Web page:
I wouldn’t call myself a numbers gal. I’m less motivated by tests and data than I am by personal communication, and the “experience” that a project, event, or product provides. I’m comfortable with making go-with-your-gut decisions, and see the immense value that reading the room (literally or virtually) can offer for both personal and professional ventures. That said, while the designer/craft evangelist in me will always keep one foot pointing and flexing in the creative world, the businesswoman in me must keep that other foot firmly planted in the land of charts and statistics. Le sigh. It’s in the spirit of that 2nd foot (and as suggested by a couple of marketing books I’m currently reading) that I decided to look into some analytics related to knitting and crochet, and I’ll be damned if some of the graphs and charts I came across aren’t actually interesting! Here’s some of what I learned.
Let’s start with the graph above. As you can see, over the past decade the popularity of knitting hit a peak in 2005. Incidentally, this was back when TV networks like DIY and HGTV (although not accessible by all) were a great source for programming (i.e. Knitty Gritty & Uncommon Threads) in that genre. I find it interesting that now, though with video programming (offering the ability to learn from and be inspired by both professionals and hobbyists alike) literally at the fingertips of anyone who can get their hands on a computer or mobile device that interest in knitting has slowly, ebbed and flowed downward. Also intriguing is that crochet has experienced the exact opposite with its popularity being at it’s peak now, in 2015! This posits the question: are you, dear reader a knitter, crocheter, both, or neither?
Next, let’s chat craft popularity by region.
KNITTING BY REGION
In talking with friends and colleagues across the pond, in the U.S. there are more knitting groups; more events; more genre “celebs” than in the U.K. The perception is that the States reign supreme for knitting popularity and passion. The numbers however, say otherwise. In fact according to Google, we Americans (with a concentration of fans in Spokane, Reno [Really?], and Boise) are in 4th place when it comes to knitting population! (Although arguably, we are the loudest — it’s plausible that we post/share/photograph our projects more.)
CROCHET BY REGION
Don’t knit for me, Argentina the truth is you always crochet (I apologize for that. My son’s working tech crew on his school’s production of, Evita so I couldn’t resist.) Seriously, though — Argentinians hold the hook prize in crochet at an unbelievable (seriously, can we believe this stat?), 100%! At 53 %, the United States (not shown on the above image) are a lowly, 8th on the crochet pop-scale (with the largest group of *ahem* hookers in Chicago, Atlanta and Los Angeles.) Our Canadian neighbors (who took 2nd place for knitting interest), and our friends in England aren’t even on the chart!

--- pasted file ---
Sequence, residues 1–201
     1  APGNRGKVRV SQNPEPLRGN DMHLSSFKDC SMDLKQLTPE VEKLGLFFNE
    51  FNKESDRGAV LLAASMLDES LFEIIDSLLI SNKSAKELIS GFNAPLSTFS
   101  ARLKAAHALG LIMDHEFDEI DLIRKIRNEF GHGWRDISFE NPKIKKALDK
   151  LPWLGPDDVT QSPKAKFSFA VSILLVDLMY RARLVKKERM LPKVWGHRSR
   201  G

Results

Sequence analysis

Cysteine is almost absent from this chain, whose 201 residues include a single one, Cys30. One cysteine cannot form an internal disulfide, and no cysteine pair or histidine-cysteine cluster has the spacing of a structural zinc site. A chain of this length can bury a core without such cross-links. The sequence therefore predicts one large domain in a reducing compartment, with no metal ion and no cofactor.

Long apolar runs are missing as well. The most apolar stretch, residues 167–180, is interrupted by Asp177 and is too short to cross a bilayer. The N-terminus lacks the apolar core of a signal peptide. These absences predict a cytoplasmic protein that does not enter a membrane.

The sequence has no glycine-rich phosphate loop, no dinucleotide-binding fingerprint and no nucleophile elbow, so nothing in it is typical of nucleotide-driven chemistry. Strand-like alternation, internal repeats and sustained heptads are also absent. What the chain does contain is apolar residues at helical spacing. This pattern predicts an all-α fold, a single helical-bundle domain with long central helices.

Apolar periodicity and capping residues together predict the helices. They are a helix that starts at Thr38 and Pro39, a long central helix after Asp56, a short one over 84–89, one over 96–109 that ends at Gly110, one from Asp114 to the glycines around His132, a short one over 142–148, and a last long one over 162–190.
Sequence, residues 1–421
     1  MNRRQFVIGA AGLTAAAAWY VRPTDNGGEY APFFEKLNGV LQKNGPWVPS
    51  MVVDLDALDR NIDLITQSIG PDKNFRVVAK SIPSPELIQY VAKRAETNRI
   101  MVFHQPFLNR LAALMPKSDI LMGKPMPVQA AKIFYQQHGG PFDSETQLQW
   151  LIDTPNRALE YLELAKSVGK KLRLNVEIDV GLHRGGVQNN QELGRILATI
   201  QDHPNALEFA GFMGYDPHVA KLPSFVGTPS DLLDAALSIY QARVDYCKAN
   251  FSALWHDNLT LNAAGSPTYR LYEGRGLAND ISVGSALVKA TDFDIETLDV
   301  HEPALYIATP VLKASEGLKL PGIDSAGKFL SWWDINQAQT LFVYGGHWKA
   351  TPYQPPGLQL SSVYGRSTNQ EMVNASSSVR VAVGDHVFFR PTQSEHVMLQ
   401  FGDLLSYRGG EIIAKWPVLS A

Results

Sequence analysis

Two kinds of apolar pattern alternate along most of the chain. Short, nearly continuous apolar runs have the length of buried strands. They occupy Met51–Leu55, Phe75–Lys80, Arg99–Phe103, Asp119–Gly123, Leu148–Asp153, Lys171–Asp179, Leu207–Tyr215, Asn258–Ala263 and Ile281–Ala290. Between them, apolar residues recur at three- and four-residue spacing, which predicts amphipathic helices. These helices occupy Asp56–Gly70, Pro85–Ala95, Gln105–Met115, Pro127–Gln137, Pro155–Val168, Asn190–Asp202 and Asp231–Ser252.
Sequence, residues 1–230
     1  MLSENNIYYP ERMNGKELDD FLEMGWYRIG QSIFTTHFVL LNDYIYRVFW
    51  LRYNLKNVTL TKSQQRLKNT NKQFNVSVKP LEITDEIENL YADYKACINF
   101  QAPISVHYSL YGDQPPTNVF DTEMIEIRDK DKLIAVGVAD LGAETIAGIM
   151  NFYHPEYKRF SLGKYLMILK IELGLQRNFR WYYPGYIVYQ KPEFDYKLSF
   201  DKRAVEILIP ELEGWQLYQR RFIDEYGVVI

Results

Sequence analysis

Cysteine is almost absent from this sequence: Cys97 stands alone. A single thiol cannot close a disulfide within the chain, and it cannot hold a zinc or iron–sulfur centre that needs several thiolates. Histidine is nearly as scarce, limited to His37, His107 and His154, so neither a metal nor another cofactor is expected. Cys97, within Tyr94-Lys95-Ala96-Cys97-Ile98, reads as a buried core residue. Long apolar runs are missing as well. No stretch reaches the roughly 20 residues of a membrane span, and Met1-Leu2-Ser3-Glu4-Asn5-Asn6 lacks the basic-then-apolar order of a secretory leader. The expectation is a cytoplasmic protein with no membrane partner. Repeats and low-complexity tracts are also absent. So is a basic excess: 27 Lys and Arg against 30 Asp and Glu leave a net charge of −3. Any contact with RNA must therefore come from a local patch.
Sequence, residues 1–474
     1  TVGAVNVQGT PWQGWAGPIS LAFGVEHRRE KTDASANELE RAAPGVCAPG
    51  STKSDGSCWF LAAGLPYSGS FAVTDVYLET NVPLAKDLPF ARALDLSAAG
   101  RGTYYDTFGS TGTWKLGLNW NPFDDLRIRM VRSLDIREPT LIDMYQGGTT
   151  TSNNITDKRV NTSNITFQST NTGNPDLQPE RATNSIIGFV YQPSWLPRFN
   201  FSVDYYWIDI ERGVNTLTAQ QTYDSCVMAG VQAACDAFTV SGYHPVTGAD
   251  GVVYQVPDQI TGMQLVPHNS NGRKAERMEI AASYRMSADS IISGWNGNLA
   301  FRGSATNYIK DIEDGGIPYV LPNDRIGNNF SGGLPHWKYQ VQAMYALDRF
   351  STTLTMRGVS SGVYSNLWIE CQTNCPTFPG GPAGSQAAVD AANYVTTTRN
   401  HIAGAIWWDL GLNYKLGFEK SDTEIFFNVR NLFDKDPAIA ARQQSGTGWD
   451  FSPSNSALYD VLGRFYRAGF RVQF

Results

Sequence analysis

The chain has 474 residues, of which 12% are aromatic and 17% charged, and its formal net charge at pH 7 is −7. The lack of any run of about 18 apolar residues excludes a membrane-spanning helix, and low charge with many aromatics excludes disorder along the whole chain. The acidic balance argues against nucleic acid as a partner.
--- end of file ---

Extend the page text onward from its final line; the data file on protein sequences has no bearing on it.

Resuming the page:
Lastly, lets examine web searches. What are we looking for when we type that stitching inquiry into our favorite search engine? I’ll skip sharing the images of the top topic search charts for both “knitting” and “crochet” as the results were the same: Patterns (Duh — we’ve got this beautiful yarn, and amazing needles, so now we need inspiration and instruction!) I will however, share a more surprising (well, at least to me) list of knit-related queries on the rise over the past ten years Side note: Crochet stays consistent with a rise in pattern searches leading the way.
KNITTING QUERIES RISING
Look at the loom knitting stat — up by 450%! This is astonishing since looms seem fringe within the industry. If you go to live shows (consumer or trade), look at boutique and craft store class schedules, or check out some of the largest yarn companies’ websites — loom knitting is rarely given more than a polite nod. If we believe ‘ol Google, though we in the industry are clearly missing out on an obvious demand. Show of hands: who reading this has ever knit with a loom?
As someone who considers herself the personified equivalent of “jazz hands” for the yarn (and general) craft industry, the second rising number looks pretty great to me. The amount of new people becoming interested in knitting is up 190%, which means folks are feeling inspired to get creative — this bodes well for us craft enablers! (One would assume however, that since overall interest in the craft has decreased that seasoned knitters have taken a long break from their needles. Did you used to be a knitter, but stopped? If so, why?)
Also of note: casting on, double knitting, and working with circular needles are queries of growing interest amongst our community.
Although overall most of these numbers won’t change how I approach my job (or love of craft) — I will continue to spread the yarn-y gospel regardless of the ups and downs — they do offer some insight on the topics I may want to touch on while preaching the stitching love.
Alright, now back to the touch-feely stuff. Go make something pretty! 😉